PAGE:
As for the torture issue, I think that torture is an abominable practice, and its use is not justified under any situation, but it is especially horrible when it is being used as a legal instrument of a government that is supposed to put the rights of individuals above the goals of the state. This goes back to the same issue as the civil rights problem. If we ignore civil rights as soon as they become inconvenient, then what good are they, really? Similarly, if we resort to the use of torture, which is against the Geneva convention, just because it will make information gathering easier, then we might as well just dispense with the Geneva convention altogether, and not pretend that we're going to try to fight war in a more or less civilized manner (although to my way of thinking, war is the antithesis of civilization and culture).

Look, I'm not naive about all this. I realize that if they are talking about publicly asking permission to torture suspects, then agents of our government have already engaged in torture in their search for more information. And I know that none of our enemies respect the Geneva convention in regards to the treatment of prisoners of war and torture, whether or not they have signed the accords. But the whole point of us following them is to set an example, and also to remain true to our own moral code as a nation.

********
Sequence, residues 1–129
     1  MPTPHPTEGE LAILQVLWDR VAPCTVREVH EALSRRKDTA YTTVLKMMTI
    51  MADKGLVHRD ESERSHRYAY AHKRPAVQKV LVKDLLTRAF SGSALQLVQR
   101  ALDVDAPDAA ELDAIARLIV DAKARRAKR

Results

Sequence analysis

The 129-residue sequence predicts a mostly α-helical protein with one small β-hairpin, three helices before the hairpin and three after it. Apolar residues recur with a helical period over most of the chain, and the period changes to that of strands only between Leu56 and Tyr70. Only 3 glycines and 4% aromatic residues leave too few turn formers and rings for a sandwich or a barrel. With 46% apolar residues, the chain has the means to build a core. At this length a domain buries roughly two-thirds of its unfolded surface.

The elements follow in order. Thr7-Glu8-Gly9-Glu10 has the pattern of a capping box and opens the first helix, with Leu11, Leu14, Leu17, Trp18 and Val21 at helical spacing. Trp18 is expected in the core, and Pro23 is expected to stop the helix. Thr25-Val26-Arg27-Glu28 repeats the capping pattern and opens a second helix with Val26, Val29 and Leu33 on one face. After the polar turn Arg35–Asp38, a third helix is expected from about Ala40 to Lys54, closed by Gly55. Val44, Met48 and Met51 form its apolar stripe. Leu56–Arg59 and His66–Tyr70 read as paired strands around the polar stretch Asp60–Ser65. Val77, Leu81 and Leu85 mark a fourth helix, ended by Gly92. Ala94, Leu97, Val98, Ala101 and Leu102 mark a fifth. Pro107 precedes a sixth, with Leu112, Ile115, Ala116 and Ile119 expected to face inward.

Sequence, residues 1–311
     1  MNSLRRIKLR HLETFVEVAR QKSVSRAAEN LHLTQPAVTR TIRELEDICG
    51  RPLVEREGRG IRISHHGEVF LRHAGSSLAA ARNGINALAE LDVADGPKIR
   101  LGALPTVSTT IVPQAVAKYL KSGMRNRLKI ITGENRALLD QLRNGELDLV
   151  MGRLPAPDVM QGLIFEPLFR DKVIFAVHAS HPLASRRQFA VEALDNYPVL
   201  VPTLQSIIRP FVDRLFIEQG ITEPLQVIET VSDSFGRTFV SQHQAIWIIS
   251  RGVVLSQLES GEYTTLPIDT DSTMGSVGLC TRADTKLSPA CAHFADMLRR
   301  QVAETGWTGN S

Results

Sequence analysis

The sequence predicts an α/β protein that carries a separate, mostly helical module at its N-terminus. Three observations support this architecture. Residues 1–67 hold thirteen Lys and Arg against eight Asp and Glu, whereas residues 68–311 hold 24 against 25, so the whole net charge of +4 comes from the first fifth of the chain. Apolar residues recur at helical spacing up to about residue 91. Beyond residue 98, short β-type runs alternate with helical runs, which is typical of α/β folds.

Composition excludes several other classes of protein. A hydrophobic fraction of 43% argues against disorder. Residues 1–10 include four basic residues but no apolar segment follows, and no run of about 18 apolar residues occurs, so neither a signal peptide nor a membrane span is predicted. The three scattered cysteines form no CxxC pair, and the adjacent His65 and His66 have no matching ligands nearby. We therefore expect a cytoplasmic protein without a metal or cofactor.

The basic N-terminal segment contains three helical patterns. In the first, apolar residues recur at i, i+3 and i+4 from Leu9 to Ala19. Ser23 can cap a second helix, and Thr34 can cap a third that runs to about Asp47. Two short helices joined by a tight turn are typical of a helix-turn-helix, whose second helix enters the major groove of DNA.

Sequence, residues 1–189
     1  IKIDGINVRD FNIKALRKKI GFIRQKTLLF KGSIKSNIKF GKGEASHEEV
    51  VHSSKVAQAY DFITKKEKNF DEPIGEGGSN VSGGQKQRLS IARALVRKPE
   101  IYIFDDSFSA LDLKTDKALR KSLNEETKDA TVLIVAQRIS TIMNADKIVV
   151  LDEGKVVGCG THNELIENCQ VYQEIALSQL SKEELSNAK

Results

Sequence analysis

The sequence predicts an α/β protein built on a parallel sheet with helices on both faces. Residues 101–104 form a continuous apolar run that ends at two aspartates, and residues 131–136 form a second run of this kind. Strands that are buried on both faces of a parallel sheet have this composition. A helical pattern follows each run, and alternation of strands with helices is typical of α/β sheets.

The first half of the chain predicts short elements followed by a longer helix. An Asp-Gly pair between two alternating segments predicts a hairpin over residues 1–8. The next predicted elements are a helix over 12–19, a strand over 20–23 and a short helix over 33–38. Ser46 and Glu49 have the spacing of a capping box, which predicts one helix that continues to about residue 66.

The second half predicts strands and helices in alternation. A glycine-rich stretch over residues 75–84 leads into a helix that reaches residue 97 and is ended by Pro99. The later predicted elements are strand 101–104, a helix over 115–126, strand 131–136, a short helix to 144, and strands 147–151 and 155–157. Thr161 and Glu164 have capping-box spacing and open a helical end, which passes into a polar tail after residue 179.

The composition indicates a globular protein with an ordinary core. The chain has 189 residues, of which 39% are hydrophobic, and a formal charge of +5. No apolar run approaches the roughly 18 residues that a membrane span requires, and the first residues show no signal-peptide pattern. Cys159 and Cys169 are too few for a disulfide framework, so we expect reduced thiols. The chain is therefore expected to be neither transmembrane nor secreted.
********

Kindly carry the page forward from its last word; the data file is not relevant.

It really is disturbing to me to see how quickly we Americans seem to have given up what are supposed to be our most prized ideals in the wake of a single attack against our nation. Its disheartening that many Americans seem to give a lot of lip service to rights such as freedom of speech, probable cause, and due process, which are the bedrock rights on which this nation was founded, but that when push comes to shove and they get a little scared, Americans seem more than willing to put these values on the chopping block in exchange for the perception of a little more security and safety. If we're willing to give these things up so quickly, just what are we fighting for here? If you're dumb enough to believe that the government can protect you if only it is granted enough power over your life, then why don't we just quit right now, and sign up for national ID cards with our fingerprints on them, submit our DNA to a giant database where all of our personal information is available to both the government and any corporation willing to pay for it, and get used to having our homes and property searched for no good reason. You say you've been detained but not charged with anything? But you feel safer, right? What? You don't like having to submit your ID at military checkpoints every time you leave your city or enter another one? All in the name of security, ma'am.